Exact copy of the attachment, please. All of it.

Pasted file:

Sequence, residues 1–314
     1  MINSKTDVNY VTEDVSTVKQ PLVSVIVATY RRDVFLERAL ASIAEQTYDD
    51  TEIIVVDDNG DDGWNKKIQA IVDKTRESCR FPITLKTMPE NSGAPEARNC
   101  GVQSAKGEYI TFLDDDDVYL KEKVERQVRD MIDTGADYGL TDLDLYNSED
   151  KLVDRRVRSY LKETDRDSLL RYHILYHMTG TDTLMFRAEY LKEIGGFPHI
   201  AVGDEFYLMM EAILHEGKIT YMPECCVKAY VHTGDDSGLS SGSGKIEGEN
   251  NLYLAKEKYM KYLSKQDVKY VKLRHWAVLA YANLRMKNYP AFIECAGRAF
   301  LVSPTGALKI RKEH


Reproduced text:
Sequence, residues 1–314
     1  MINSKTDVNY VTEDVSTVKQ PLVSVIVATY RRDVFLERAL ASIAEQTYDD
    51  TEIIVVDDNG DDGWNKKIQA IVDKTRESCR FPITLKTMPE NSGAPEARNC
   101  GVQSAKGEYI TFLDDDDVYL KEKVERQVRD MIDTGADYGL TDLDLYNSED
   151  KLVDRRVRSY LKETDRDSLL RYHILYHMTG TDTLMFRAEY LKEIGGFPHI
   201  AVGDEFYLMM EAILHEGKIT YMPECCVKAY VHTGDDSGLS SGSGKIEGEN
   251  NLYLAKEKYM KYLSKQDVKY VKLRHWAVLA YANLRMKNYP AFIECAGRAF
   301  LVSPTGALKI RKEH